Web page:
Since the February release of the new system for handling user requests, we hit on the idea of its further development, which took up all our time. And only in July 2022, we returned to the blog mailing feature (while our website has long been ready). Also, some mailing failed again as the paths to images were changed on the website. The reason was still the same – until we released this feature, other teams were developing our website without regard to our unreleased subproject. Conclusion: delaying the release is terribly wrong for the development process.

In August 2022, we're returning to the blog mailing once again to finally finish what we started exactly a year ago.

Conclusion

So, why wasn't a third-party mailing service considered? Well, we still have to make the emails ourselves, and these emails are based on our content. We decided to implement the mailing on our own in order to collect all user activities in one place. This will help us create a functionality that will allow our paid customers and free users to create a personal account on our website.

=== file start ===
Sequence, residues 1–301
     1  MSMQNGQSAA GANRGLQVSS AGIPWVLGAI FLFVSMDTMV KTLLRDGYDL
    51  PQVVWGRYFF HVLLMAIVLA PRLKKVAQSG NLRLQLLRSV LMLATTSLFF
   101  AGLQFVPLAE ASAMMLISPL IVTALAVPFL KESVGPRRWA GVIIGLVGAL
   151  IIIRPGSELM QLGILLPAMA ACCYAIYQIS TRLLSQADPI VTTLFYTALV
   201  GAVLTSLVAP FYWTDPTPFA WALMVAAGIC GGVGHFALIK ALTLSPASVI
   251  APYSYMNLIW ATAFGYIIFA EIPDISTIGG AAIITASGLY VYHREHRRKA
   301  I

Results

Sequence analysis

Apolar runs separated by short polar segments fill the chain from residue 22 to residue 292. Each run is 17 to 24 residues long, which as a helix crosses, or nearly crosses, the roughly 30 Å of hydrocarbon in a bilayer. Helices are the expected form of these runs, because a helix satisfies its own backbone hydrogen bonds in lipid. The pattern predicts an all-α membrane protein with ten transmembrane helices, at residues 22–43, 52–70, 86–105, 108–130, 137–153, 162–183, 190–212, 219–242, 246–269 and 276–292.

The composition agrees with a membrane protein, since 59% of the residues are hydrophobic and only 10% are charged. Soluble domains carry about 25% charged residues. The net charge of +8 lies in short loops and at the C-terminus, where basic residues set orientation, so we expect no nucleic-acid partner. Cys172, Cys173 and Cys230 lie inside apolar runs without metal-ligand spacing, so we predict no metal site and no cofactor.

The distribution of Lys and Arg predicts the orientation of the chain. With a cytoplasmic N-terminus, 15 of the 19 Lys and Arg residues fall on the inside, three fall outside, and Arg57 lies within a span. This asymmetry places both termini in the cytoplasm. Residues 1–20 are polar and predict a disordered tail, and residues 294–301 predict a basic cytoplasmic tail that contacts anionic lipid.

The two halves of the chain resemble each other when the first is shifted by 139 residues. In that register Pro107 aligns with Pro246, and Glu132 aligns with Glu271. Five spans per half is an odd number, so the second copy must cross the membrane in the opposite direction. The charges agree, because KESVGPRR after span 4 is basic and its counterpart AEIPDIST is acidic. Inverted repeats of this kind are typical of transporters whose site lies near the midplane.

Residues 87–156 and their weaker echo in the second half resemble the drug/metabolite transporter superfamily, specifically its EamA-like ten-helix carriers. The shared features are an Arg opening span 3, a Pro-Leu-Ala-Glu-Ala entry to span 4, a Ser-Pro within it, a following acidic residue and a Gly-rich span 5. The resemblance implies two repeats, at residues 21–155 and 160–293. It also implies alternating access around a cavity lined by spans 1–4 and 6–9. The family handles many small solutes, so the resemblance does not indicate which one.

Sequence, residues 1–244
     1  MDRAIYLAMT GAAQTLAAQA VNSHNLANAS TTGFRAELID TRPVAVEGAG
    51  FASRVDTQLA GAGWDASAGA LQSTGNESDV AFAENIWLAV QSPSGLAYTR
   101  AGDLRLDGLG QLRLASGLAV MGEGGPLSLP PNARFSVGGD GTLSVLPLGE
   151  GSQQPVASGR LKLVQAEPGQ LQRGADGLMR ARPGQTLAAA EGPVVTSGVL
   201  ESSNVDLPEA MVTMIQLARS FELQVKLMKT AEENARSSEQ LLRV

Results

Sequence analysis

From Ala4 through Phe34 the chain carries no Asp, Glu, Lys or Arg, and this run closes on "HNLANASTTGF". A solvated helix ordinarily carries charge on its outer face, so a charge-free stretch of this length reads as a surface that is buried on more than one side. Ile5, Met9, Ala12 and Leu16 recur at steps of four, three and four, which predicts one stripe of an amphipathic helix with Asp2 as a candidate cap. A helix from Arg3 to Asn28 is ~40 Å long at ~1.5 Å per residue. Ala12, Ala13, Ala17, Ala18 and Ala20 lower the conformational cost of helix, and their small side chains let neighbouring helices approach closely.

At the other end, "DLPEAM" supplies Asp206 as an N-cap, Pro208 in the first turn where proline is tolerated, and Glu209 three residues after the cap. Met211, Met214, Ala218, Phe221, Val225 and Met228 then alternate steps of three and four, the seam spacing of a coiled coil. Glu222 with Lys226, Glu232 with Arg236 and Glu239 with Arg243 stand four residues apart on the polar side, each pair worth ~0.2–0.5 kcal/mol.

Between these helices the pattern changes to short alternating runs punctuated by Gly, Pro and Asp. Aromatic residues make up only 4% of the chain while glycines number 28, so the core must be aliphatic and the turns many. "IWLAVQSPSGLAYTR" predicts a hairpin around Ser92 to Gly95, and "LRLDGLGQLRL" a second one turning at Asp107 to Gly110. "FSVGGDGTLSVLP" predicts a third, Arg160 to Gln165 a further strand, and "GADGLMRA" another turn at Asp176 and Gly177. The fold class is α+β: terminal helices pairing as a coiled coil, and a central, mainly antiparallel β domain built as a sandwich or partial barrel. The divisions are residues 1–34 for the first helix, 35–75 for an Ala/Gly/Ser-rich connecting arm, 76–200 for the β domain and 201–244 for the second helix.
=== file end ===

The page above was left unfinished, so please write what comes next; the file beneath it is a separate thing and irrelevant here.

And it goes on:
Even if you got inspired by the idea of changing Word documents using the Word plugin (written in C#), I wouldn't advise you to hurry up and to start a new project of this kind. The future of this technology is murky. Microsoft has already announced the halting of VSTO plugins development, freezing the SDK at version .NET Framework 4.8. But the wide community keeps fighting for developing their own projects of this kind. Maybe someday we will see a transformation of this technology if the community achieves the opening of sources.

PVS-Studio has several more development teams which do not develop the static code analyzer directly. Our mission is to automate all the company's processes and help other teams be more visible to our customers, users, and subscribers. So, check out our eagerly awaited subscription page to witness the result of our efforts here.